XII Addaru [Adaru] nūnu [Fish (= Piscis Austrinus)] nēberu [= Star of the god Marduk [= Mercury? (Planet). Nēberu preceded by both the determinatives 'dingir' and 'mul' is being referred to as both a god and a star. Nēberu and the stations of Ea and Enlil are identified with the last month of the old year, Addaru/Adar.] šudun-im-ux-lu [Southern Yoke (also called several other names in later star lists, including 'Yoke of Ea.' Uncertain identification and whether a name for a constellation or single star.)]

Note: Regarding en-te-na-bar-hum/sig (Habasirānu). There remains some uncertainty about how to transcribe the Sumerian name of this star/constellation, as well as its exact identity. Various transcriptions such as Hasirānu / Habasirāttu are used. Thought by early assyriologists to be a star name but, perhaps correctly, by contemporary assyriologists to be a constellation (figure of a mouse (mouse-like creature) or rodent (?)) occupying most of the stars of Centaurus. (The name infers a mouse or rodent.) In Astrolabe B, Section C, Habasirānu is replaced by nu.muš.da ('Swarm') (and the Hyades are replaced by gu-la (gula) (Aquarius)). The identification of nu.muš.da is uncertain, and also whether it is a name for a constellation or single star (but Hunger/Pingree (1999) identify the star η or κ Centauri).

Appendix 7: Pinches Astrolabe

A composite list combining information from 4 'astrolabe' tablets.

Month Number Month Name Path of Ea Path of Anu Path of Enlil
I Nisan Field Venus Plough
II Ayar Stars Old Man Anunītu
III Sivan True Shepherd of Anu Lion Crab
IV Duzu Arrow Twins Jupiter
V Abu Bow Great Twins Wagon
VI Elul Kidney Raven ŠU.PA
VII Tesrit Ninmah Scales Habasirānu
VIII Arahsamna Mad Dog Scorpion King
IX Kislev Mars Panther She-goat
X Tebet GU.LA Crab Eagle
XI Sebat Numušda Swallow Pig
XII Adar Fish Fox Marduk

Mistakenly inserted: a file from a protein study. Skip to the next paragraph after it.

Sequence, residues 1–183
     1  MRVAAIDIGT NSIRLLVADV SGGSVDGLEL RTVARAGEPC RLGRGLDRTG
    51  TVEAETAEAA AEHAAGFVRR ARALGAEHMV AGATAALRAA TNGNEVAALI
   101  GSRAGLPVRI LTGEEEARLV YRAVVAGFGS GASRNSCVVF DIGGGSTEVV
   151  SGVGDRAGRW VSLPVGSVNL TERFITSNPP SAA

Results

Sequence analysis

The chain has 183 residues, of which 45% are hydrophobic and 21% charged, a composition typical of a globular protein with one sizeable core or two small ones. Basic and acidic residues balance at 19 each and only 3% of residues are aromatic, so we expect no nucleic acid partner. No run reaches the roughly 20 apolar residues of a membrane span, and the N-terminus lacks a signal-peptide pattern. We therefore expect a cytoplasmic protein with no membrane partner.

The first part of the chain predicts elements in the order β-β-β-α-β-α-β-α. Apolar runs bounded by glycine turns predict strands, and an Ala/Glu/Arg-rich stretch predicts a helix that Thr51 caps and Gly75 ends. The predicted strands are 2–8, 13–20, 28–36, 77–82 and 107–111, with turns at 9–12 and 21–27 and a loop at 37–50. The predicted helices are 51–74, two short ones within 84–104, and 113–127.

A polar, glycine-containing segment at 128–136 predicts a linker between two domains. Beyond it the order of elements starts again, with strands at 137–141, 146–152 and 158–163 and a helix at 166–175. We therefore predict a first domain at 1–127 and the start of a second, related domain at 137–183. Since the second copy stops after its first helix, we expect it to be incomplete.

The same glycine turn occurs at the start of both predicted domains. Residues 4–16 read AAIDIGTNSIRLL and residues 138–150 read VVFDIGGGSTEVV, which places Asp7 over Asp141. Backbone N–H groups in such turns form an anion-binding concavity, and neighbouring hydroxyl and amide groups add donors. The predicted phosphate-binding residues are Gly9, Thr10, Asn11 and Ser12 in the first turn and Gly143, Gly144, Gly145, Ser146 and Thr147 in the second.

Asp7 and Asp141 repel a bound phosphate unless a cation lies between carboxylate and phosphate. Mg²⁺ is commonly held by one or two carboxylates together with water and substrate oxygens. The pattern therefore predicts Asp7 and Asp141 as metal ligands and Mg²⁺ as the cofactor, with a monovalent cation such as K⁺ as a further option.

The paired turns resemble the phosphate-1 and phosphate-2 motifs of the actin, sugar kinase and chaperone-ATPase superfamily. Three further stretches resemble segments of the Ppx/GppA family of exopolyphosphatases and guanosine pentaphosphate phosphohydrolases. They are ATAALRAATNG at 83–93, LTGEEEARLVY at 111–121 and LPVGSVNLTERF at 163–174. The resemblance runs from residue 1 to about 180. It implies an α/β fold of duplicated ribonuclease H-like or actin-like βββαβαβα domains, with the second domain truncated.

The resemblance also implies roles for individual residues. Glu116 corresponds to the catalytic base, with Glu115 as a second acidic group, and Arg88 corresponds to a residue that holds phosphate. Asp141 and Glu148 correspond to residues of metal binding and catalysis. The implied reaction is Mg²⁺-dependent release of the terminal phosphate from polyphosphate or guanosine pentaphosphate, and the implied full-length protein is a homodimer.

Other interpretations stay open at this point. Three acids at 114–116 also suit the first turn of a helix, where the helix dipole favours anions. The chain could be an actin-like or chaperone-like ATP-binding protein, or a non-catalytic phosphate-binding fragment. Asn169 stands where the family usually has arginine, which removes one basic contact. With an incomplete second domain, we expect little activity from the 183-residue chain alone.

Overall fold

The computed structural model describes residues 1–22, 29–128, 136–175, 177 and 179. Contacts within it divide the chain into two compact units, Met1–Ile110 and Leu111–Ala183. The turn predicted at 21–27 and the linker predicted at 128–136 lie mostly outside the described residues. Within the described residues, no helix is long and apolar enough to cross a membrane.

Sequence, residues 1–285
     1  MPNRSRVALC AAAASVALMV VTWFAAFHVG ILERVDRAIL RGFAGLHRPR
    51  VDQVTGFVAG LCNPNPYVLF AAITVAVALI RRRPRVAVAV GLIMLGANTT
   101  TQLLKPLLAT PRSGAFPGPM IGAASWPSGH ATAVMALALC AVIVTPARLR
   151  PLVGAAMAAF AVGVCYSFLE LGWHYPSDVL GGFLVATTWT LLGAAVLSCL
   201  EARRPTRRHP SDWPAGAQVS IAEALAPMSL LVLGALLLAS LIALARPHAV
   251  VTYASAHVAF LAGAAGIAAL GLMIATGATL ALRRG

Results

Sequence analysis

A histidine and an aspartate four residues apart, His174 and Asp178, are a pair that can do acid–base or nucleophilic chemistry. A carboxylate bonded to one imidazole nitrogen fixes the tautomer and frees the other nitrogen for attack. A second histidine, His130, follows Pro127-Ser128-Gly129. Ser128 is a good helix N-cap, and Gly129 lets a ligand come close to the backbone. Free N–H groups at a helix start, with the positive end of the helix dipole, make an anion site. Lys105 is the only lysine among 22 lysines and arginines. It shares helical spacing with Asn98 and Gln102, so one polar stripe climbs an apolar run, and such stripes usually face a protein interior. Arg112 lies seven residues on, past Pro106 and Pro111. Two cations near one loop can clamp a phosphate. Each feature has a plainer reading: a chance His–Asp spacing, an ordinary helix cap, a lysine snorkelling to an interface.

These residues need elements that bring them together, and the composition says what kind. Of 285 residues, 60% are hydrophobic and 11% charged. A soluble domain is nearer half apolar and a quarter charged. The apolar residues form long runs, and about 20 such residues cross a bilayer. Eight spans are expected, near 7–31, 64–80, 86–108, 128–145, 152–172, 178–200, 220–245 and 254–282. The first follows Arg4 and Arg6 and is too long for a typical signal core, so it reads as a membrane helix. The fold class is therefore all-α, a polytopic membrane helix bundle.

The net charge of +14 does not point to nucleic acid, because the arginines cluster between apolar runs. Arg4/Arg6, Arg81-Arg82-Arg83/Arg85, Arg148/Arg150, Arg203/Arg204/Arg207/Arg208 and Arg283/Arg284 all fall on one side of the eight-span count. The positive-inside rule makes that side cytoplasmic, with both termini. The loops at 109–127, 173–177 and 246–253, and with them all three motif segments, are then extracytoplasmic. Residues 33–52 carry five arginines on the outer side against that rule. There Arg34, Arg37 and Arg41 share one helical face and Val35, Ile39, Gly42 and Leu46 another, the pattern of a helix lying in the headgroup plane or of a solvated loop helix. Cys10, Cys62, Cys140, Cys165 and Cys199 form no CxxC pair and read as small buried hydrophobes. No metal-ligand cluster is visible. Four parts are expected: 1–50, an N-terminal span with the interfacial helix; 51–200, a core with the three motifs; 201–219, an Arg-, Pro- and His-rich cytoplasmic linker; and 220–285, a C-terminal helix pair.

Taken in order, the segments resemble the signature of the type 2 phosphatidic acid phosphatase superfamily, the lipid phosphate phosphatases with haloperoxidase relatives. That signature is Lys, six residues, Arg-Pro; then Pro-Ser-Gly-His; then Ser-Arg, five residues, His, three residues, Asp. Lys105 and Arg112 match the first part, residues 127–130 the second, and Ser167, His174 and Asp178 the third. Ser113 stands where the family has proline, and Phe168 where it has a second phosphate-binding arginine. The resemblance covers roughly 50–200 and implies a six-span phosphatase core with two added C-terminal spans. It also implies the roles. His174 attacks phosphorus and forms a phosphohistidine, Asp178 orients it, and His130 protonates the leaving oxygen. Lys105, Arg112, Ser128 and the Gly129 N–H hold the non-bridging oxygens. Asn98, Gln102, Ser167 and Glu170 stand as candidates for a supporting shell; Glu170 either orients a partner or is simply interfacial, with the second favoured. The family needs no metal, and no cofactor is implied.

Appendix 8: The Assumed Tablet 51 of Enūma Anu Enlil

The star list (and their Paths) of the omen series Enūma Anu Enlil, after Reiner/Pingree Babylonian Planetary Omens 2 (1981).

Month Number Month Name Path of Ea Path of Anu Path of Enlil
I Nisan Field Venus Plough
II Ayar Stars Scorpion Anunītu
III Sivan Jaw of the Bull Scales Snake
IV Duzu True Shepherd of Anu Panther Wagon
V Abu Arrow Old Man [ŠU.PA?]
VI Elul Bow Swallow She-goat
VII Tesrit NUN.KI [Lion] Wolf
VIII Arahsamna Ninmah [Twins] Eagle
IX Kislev Mad Dog Great Twins Pig
X Tebet Mars Crab Jupiter
XI Sebat Habasirānu Raven Fox
XII Adar Fish Nēberu Southern Yoke

Appendix 9: The Identification of Stars and Constellations

After a lengthy discussion of the issues Hunger/Pingree state (Astral Sciences in Mesopotamia, Page 63): "The "astrolabe" lists provide no information useful for identifying the constellations because we do not know the principles of their categorizations."

The primary effort in successfully identifying the constellations and star names listed in BM 86378 (Mul.Apin tablet 1) was carried out by first by Franz Kugler and then by Carl Bezold and August Kopff. The type of information contained in the constellation/star lists in Mul.Apin tablet 1 (BM 86378), an autograph copy of which was first published by the British Assyriologist Leonard King in 1912, provided a unique opportunity for the identification of Babylonian constellations. The Kopff-Bezold results (Zenit- und Aequatorialgestirne am babylonischen Fixsternhimmel (1913)) largely agree with the identifications made by Franz Kugler in his Supplement 1 (1913) to his Sternkunde und Sterndienst in Babel. Further work by later scholars largely confirmed their results.

The two tablets comprising the Mul.Apin series are essentially a series of structured lists grouped into 18 sections. Tablet 1 basically contains eight sections (including five star lists):

(1) A list of 33 stars in the Path of Anu, 23 stars in the Path of Enlil, and 15 stars in the Path of Ea.